Health Care in Conflict

Populations affected by armed conflict experience severe public health consequences mediated by population displacement, food scarcity, and the collapse of basic health services. This often gives rise to complex humanitarian emergencies where aid agencies like the International Committee of the Red Cross (ICRC) are likely to offer assistance.

Conflict has both direct and indirect effects on people’s health and on the overall health system. There are also wider societal consequences and ethical issues, particularly the routine breaking of the Geneva Conventions.

Health care professionals play an important role in minimizing the adverse consequences of conflict, sometimes at a great personal cost. Violence against health-care workers and facilities in conflict areas is on the rise and is a humanitarian issue with widespread and long-term effects.

The consequences of modern day conflicts are felt all over the world, not only in the countries where they take place. People are forced to leave their homes and end up internally displaced, as refugees or as asylum seekers. In 2017, over 65 million people were forcibly displaced worldwide because of persecution, conflict, violence or human rights violations alone.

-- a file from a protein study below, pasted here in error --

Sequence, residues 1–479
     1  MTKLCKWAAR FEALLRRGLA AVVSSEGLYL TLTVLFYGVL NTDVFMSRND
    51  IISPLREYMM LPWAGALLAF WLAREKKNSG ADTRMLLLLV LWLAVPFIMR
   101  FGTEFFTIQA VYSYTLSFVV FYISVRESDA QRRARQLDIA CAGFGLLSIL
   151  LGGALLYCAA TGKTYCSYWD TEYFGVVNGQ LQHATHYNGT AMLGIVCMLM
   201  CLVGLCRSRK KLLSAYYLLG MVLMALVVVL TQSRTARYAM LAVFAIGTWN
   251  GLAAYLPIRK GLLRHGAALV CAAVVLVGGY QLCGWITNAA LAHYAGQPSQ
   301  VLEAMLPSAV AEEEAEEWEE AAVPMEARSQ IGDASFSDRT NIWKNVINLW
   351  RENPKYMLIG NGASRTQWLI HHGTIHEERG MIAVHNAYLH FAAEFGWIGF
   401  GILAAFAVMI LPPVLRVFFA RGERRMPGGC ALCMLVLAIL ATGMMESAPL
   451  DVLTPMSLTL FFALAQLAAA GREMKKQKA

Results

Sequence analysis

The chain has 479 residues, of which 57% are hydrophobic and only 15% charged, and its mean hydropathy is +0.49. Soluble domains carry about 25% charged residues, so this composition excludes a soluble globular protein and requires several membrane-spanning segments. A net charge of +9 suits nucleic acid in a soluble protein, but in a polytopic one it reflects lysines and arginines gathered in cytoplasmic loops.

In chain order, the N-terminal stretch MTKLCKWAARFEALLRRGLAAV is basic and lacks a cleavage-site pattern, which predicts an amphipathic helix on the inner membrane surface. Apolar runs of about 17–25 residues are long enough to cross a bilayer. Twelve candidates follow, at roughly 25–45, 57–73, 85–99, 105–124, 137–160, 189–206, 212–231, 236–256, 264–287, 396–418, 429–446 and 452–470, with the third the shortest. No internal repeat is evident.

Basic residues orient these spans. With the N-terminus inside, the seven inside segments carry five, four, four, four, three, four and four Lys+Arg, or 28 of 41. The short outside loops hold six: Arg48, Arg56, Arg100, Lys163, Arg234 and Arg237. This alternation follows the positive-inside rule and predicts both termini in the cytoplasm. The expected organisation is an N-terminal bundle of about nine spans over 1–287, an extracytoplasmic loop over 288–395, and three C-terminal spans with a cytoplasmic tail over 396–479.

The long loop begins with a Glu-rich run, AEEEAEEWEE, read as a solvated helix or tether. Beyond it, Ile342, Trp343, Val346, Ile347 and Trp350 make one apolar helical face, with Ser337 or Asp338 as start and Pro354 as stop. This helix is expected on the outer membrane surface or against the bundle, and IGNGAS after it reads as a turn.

The sudden influx of asylum seekers and refugees is a challenge for any country, perhaps even a greater one for a small and homogeneous society like Iceland. The learning curve in the Icelandic health care system has been steep but necessary to be able to provide health care suitable for all.